A Home Inspector’s Weblog by Frank Schulte-Ladbeck

exploring homes and the lives in them around Houston

Further Thoughts on Becoming an Inspector

Since I posted a look into becoming an inspector, I noticed that there was more interest in the topic, so I thought I would follow it up with a bit more.

I know many inspectors who will paint a rosy picture of our lives, and others who will do their best to dissuade you from pursuing them into competition. The amount of effort you put into marketing yourself will drive business your way, so I cannot provide any new insights into your earnings. I did want to mention the fact that most inspectors that I know earn incomes from other sources. I think it would not be unreasonable to say that between 66% to 75% have some means of earning income to help support them. Those who do not have other jobs or enterprises have found work by associating with other firms as contractors. Working for another inspector is frequently not profitable to you, but there are other firms that want inspectors. Engineers who work with residential buildings will have inspectors on hand to provide this service to their clients. Since the main work brings clients in, suggestive selling to use their inspectors is easy. The engineers obtain a percentage of the fee from the inspectors, and the inspectors obtain steady work. Insurance companies also hire inspectors to examine homes for applications. This is usually just examining the roof. Lenders hire inspectors to examine foreclosures, but this work is not often regular. This work has to be sought out, since large firms go to other firms to locate inspectors for them. Independent operators have to be diligent in their pursuit of this work.

Another group of inspectors who do not often have other income producing ventures are those working as franchise owners of a nationwide inspection company. The firm will be specific as to where you can perform inspections, so you are not invading another affiliates turf. This can be good or bad. If your area does not have a great many homes being sold, you will not earn much income, so you want a popular section to earn enough money to cover the costs of the franchise. The tactics that you learn and assistance of being part of a franchise can be truly beneficial.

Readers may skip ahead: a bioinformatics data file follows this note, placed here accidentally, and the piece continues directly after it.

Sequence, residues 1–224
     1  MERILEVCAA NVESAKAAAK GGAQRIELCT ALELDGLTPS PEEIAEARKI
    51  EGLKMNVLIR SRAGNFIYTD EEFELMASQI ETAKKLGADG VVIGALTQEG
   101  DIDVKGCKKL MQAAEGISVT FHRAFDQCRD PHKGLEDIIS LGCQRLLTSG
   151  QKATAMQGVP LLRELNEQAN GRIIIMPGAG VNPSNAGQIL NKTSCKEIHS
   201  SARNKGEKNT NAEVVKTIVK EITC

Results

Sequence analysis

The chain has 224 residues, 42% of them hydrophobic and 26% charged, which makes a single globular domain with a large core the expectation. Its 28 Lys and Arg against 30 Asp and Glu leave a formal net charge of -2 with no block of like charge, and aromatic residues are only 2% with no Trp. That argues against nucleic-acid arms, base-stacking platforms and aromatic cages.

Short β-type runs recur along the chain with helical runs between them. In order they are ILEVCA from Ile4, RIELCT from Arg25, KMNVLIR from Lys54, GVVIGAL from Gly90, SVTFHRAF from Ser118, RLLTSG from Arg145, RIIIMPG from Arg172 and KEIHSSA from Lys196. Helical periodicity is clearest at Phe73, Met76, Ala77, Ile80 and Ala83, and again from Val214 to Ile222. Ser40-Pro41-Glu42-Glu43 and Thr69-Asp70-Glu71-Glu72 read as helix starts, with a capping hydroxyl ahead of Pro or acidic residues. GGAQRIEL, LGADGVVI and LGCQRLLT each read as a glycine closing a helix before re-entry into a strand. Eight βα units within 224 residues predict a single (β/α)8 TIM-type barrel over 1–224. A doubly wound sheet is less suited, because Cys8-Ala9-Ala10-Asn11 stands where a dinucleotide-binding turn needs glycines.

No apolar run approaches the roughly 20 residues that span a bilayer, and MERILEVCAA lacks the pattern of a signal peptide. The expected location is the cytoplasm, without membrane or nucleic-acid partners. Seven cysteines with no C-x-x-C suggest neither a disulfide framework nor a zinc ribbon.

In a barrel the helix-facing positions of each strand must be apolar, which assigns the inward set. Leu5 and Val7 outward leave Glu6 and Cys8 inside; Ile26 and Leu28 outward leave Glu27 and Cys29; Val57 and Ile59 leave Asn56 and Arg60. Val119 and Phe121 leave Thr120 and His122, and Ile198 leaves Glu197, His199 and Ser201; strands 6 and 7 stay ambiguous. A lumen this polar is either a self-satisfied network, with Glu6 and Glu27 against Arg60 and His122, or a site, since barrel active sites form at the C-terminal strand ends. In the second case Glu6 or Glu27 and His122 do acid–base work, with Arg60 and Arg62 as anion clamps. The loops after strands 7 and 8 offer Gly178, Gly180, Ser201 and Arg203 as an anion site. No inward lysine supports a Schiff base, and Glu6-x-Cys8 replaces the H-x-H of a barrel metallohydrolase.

Some inspectors earn extra income by working on the homes that they inspect, but Texas is making this harder to do, since it presents a conflict of interest. Did you tell your client the framing was wrong, just so you can fix it? Some states have similar policies to Texas in this regard, and more inspectors have moved away from this income, because of concerns over their objectivity. Pest Control has been one field that has seen inspectors joining. Fields that offer other services outside of repair to homeowners have seen an increase in inspector representation. Several inspectors have Realtor licenses. The idea is to have multiple streams of income, that popular phrase of our day. I do some home staging, business consulting, and investing. I actually started out as a business consultant when I left a senior management position. Some of my clients, who were small retail store owners, asked me to look at their homes, which were undergoing renovations, which led me to inspecting. With the current market, I am looking into property management and real estate investing. Even when the housing market is doing well, you will have slow periods, where you will need to find other income sources, when you go this route.

You may hear about inspecting for the VA or FHA, but these agencies require you to have some experience under your belt, before they will use you, but this can be lucrative work, once it is available to you. There may be inspectors in your area, who could give you a better idea of what to expect in your locale, but I would speak to a few to get a reasonable picture.

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